Dubai: The UAE loses an estimated $1.4 billion (Dh5.14 billion) in gross domestic product (GDP) due to reduced daily work hours during Ramadan, suggests a new study.
In the Gulf region, only Saudi Arabia loses more in terms of productivity during Ramadan at $2.4 billion (Dh8.81 billion), states the report, Productivity in Ramadan, Strategies for the Modern Muslim Work Environment.
Conducted by UK-based firm Productive Muslim in partnership with New York-based Muslim business media firm Dinar Standard, the study found that countries in the region which mandate a six-hour working day during Ramadan witnessed falling productivity.
Overall, the six GCC countries lost a combined $5.8 billion (Dh21.3 billion) in GDP due to reduced work hours. Estimates are based upon the last recorded annual GDP per country.
Mohammad Faris, founder and CEO of Productive Muslim, told Gulf News yesterday that the survey is believed to be the first of its kind and may help workers and businesses find a better balance between personal and professional life during Ramadan.
"I believe the most important lesson learnt is that on an individual level Muslim workers are keen to maintain their productivity throughout Ramadan, however, employers and governments need to play a bigger role in helping the individual Muslim worker maintain productivity," he said.
"For those countries who average two-hour workday reduction (GCC, Pakistan, Egypt), the total hours lost are approximately 40, which is essentially equivalent to one week of economic productivity. Percentage-wise, this averages to a 7.7 per cent loss in such a country's monthly GDP value," the study stated. "This assessment does not consider end of Ramadan Eid holidays."
The study, based upon 1,524 Muslims surveyed around the globe, said that loss of productivity was not due to a lack of performance by workers who were observing Ramadan.
The survey reported that 77 per cent of Muslim professionals said they make every attempt to maintain the same level of workload during Ramadan as they do during any other time of the year and believe work should continue in a normal fashion.
Ajit Karnik, professor of economics at Middlesex University Dubai, told Gulf News yesterday that gauging the economic impact of larger events isn't black and white and said the new report's figures should be viewed as only estimates.
Karnik said that "one has to take a slightly broader view. It has been observed that sales of products and services — such as hospitality and travel — rise during the festival period. So, the counter-factually estimated loss has to be set off against the actual increase in sales [above the normal trend] that occurs during this period.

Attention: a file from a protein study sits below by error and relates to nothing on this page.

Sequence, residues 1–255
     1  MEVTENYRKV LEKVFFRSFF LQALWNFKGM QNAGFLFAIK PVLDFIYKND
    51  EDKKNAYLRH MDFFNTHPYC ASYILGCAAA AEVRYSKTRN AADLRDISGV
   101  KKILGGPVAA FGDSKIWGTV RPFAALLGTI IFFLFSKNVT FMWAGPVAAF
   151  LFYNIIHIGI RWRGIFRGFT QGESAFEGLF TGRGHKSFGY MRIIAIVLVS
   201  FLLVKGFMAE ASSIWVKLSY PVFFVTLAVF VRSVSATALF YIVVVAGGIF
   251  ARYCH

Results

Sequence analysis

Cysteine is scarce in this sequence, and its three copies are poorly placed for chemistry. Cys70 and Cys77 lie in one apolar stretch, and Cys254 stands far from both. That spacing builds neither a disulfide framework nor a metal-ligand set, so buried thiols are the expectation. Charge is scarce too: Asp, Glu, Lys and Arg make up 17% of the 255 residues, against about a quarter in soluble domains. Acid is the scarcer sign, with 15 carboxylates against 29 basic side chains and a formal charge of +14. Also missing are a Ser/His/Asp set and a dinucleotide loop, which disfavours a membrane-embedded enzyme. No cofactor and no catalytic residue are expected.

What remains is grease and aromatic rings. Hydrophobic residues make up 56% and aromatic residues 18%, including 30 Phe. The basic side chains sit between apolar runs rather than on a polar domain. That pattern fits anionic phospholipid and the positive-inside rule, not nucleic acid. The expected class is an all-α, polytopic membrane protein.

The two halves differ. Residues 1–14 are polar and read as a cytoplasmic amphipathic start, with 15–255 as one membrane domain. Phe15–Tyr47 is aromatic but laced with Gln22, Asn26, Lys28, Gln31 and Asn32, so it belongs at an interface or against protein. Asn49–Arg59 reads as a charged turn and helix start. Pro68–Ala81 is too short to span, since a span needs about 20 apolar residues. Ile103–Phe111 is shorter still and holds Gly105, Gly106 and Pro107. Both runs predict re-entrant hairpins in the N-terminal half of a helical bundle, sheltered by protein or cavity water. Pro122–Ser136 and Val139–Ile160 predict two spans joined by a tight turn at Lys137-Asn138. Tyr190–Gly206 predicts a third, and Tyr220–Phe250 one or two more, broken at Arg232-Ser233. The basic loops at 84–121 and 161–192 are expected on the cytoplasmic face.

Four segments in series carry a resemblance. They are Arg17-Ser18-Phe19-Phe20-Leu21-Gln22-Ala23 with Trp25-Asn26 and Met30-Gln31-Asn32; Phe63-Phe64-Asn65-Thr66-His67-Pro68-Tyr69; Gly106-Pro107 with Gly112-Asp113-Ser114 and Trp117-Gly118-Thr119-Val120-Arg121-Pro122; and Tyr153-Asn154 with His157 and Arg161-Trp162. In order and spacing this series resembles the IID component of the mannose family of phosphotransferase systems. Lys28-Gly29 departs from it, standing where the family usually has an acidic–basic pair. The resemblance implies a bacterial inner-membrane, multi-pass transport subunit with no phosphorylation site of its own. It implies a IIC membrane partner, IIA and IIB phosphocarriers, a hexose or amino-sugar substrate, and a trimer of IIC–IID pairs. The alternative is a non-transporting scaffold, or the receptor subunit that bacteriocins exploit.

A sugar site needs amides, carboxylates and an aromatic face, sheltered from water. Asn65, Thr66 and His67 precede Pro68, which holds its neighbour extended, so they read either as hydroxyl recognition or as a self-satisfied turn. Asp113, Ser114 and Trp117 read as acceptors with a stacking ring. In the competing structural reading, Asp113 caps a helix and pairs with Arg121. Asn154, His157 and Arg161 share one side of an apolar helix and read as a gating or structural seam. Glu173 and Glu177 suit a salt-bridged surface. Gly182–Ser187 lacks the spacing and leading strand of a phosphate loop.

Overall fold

"Note that such increases in sales are observed all over the world — during Christmas, during Diwali in India, during Thanksgiving. Many production units, in anticipation of this increase, have already increased their production in the preceding months. This must count towards an economic benefit."
Simon Williams, chief economist Middle East and North Africa HSBC, told Gulf News that reduced work hours lead to fewer hours logged, leading to the potential for some businesses to witness reduced productivity.
"It's inevitable, the loss of productivity due to the fast and other factors as well," Williams said.
However, Williams also noted that there are increased spending patterns during Ramadan similar to holidays in other countries where worker productivity might decline slightly, but revenues increase.
Faris, meanwhile, said "this is the first time we did this survey and the first time a survey of this nature was done on a global scale."
He pointed out that countries belonging to the OIC (Organisation of Islamic Conference), including the UAE, enjoyed workplace flexibility with reduced work hours.
"Seven per cent of our respondents were from the UAE, hence the analysis of their responses was aggregated at OIC level with other Muslim-majority countries. Many of the OIC-based Muslim workers were satisfied with their employers' flexibility during Ramadan compared to non-OIC based employees," said Faris.
"However, the real question that we pose in the report is to the OIC member governments whom we ask to consider whether a two-hour reduction is necessary or shall they consider a one-hour adjustment."
Rafi Al Din Shikoh, report author and managing director of Dinar Standard, said the survey gives a unique glimpse into the minds and hearts of Muslims around the world.
"For the first time, we have an actual pulse of what Muslim professionals expect and struggle with during Ramadan. These are strong insights that can help employers not only build goodwill with their Muslim employees, but directly and positively affect their companies' productivity," Shikoh said.
Asked if reduced hours affected productivity, the majority of respondents believed their companies were holding up well despite less hours logged by employees. "While a majority of [61 per cent] or respondents from OIC countries said their company's productivity does not suffer, a sizeable 26 per cent said their company's productivity unnecessarily suffers.
This should be a cause for companies to evaluate their practices and policies," the report recommended.
By comparison, only three per cent of respondents "answered that nobody works during Ramadan" while a further 15 per cent said that "work should not be a priority during Ramadan."
The study said that "the reality is that there are added spiritual activities that Muslims undertake during Ramadan (such as attending Taraweeh prayers [52 per cent]) and physical energy levels are low."